• Paying for college: Tuition Discounting

    One of the largest purchases I’ll make in my life is buying college educations for my children. So, I’m paying close attention to how I save, and how much I need to save, for that expense. Last year and earlier this year I went pretty deep into this issue. (To benefit from my research and save yourself some time, see posts under the “saving for college” tag.)

    One thing I discussed in a prior post was that you shouldn’t expect to pay the “sticker price.” A lot of students receive grant aid. The rub is you don’t know exactly how much aid you’ll get. But we do know a lot about the average level of aid. That’s described in excruciating detail in a recent report from the College Board on tuition discounting.

    From it, we learn that average discounts are above 30% at four-year private institutions and the discount rate has grown over the past decade.

    Tuition discount rate by sector

    The report also tells us,

    Because of growth in total grant aid, net prices have risen more slowly over time than have published prices. In the public two-year and public four-year sectors, estimated average net tuition and fees in 2009-10 are lower than those in 1999-2000 after adjusting for inflation. In the private four-year sector, estimated average net tuition and fees in 2009-10 are about the same as those in 1999-2000.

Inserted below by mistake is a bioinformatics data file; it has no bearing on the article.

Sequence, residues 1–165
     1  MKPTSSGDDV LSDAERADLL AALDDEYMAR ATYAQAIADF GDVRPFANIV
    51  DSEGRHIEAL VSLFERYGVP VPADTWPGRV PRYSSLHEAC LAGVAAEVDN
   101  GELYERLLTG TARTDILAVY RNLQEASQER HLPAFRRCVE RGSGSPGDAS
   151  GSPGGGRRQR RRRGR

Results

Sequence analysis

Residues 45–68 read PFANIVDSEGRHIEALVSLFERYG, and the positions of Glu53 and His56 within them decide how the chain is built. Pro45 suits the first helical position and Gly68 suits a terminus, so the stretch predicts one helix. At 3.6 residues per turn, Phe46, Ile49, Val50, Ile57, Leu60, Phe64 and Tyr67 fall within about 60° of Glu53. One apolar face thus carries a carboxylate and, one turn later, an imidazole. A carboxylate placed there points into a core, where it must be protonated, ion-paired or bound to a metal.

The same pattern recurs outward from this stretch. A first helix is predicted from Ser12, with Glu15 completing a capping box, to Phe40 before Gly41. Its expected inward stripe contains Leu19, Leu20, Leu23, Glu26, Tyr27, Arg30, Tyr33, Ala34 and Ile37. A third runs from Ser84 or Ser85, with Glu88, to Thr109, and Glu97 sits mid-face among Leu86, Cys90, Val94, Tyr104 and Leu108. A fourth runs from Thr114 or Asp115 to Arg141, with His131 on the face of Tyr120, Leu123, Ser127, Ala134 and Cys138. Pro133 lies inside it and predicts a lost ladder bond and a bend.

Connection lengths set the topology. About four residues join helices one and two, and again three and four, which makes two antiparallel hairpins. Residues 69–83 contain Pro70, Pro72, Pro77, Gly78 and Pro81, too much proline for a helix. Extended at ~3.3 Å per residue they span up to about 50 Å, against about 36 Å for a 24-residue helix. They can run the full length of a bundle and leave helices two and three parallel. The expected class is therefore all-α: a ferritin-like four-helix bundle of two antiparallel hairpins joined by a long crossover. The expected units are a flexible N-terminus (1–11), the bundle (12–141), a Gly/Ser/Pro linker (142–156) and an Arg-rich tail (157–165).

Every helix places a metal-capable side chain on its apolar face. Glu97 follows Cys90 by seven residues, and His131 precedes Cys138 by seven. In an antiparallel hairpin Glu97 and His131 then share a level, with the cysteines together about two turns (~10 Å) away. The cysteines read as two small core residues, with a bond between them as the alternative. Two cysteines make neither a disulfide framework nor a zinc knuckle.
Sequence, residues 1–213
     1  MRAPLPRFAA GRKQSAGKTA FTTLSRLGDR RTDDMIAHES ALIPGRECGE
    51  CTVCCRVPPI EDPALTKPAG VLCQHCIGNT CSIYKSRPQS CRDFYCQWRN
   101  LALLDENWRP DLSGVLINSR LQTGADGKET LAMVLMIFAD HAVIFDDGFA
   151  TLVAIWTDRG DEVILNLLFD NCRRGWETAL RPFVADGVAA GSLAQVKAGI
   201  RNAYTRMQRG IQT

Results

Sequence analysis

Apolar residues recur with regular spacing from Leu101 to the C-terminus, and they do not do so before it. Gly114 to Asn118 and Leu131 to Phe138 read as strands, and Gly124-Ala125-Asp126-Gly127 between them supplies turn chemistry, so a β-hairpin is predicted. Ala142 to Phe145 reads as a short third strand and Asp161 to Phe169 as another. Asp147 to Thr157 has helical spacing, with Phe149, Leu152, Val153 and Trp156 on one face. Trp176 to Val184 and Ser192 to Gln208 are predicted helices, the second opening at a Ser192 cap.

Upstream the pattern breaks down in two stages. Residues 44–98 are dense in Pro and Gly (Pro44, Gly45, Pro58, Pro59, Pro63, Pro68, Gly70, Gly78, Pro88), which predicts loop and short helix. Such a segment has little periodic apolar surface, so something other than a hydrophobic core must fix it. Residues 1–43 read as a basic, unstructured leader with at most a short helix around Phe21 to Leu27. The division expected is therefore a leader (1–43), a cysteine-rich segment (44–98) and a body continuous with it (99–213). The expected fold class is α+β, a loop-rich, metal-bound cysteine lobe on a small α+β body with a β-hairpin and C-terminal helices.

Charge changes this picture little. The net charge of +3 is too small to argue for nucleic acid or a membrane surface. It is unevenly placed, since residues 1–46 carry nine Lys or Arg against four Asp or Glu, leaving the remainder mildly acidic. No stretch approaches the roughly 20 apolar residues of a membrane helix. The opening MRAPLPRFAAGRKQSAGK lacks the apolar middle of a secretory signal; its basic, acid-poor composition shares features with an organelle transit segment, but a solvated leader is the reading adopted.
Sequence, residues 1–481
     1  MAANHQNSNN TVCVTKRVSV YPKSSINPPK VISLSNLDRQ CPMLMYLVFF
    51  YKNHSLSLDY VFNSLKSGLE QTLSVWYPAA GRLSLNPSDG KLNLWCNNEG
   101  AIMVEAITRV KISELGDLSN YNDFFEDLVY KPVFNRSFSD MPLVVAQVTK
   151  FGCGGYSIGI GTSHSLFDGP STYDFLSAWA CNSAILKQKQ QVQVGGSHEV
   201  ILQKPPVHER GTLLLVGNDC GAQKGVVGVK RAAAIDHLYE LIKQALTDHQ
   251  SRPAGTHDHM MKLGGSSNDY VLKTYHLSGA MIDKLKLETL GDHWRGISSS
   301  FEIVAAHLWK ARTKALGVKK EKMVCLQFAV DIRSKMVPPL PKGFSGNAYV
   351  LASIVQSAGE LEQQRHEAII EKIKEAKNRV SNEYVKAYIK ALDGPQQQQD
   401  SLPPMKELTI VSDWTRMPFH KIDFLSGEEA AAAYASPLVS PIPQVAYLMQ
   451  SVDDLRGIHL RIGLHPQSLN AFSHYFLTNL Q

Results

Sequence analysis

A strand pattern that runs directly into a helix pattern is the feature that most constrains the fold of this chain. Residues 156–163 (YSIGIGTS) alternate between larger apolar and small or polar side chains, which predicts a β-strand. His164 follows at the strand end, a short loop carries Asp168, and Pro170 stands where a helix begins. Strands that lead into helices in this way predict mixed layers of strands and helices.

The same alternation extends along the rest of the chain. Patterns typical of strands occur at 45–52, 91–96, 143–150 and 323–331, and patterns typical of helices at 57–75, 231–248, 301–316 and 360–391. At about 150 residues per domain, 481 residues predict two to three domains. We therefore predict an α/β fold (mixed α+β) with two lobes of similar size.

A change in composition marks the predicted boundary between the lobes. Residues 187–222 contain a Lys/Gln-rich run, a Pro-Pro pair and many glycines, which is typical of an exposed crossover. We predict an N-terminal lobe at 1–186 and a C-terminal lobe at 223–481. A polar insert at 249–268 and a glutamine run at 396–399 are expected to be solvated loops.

Average published tuition and fees and net tuition and fees per FTE student at private four-year institutions

    It’s very nice that there is some hope of slightly lower than astronomical tuition bills for my children. But it’s still very frustrating not to have a good sense of what those bills will be. But, as I wrote before, I couldn’t possibly save enough to fully pay private four-year tuition rates anyway. What I can do is save to meet my expected family contribution (EFC). That doesn’t change much over time unless your income and assets change.